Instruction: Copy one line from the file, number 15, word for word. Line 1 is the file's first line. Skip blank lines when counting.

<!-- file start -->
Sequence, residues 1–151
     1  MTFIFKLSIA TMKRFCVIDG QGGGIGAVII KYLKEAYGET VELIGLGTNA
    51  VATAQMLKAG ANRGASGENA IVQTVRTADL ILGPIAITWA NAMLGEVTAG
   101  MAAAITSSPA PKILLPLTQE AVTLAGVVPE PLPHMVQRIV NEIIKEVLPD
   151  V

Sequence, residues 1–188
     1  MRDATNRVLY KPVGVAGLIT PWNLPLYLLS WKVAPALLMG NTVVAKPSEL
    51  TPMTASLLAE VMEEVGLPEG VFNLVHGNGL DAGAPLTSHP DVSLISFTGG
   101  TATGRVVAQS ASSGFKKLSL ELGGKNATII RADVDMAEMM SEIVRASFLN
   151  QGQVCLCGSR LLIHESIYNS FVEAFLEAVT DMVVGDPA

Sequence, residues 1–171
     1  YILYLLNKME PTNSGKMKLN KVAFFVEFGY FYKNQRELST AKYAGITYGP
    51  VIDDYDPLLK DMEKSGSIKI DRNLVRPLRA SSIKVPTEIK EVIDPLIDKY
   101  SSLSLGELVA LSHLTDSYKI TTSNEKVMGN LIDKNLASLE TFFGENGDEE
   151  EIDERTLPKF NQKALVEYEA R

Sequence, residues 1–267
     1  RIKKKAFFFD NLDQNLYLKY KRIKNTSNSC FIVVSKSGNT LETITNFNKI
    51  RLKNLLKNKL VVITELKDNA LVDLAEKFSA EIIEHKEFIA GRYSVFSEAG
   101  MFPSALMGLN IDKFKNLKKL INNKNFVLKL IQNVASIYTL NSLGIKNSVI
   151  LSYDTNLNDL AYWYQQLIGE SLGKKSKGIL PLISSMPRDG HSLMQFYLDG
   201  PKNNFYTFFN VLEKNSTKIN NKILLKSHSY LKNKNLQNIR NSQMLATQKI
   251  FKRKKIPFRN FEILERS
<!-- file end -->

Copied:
   151  EIDERTLPKF NQKALVEYEA R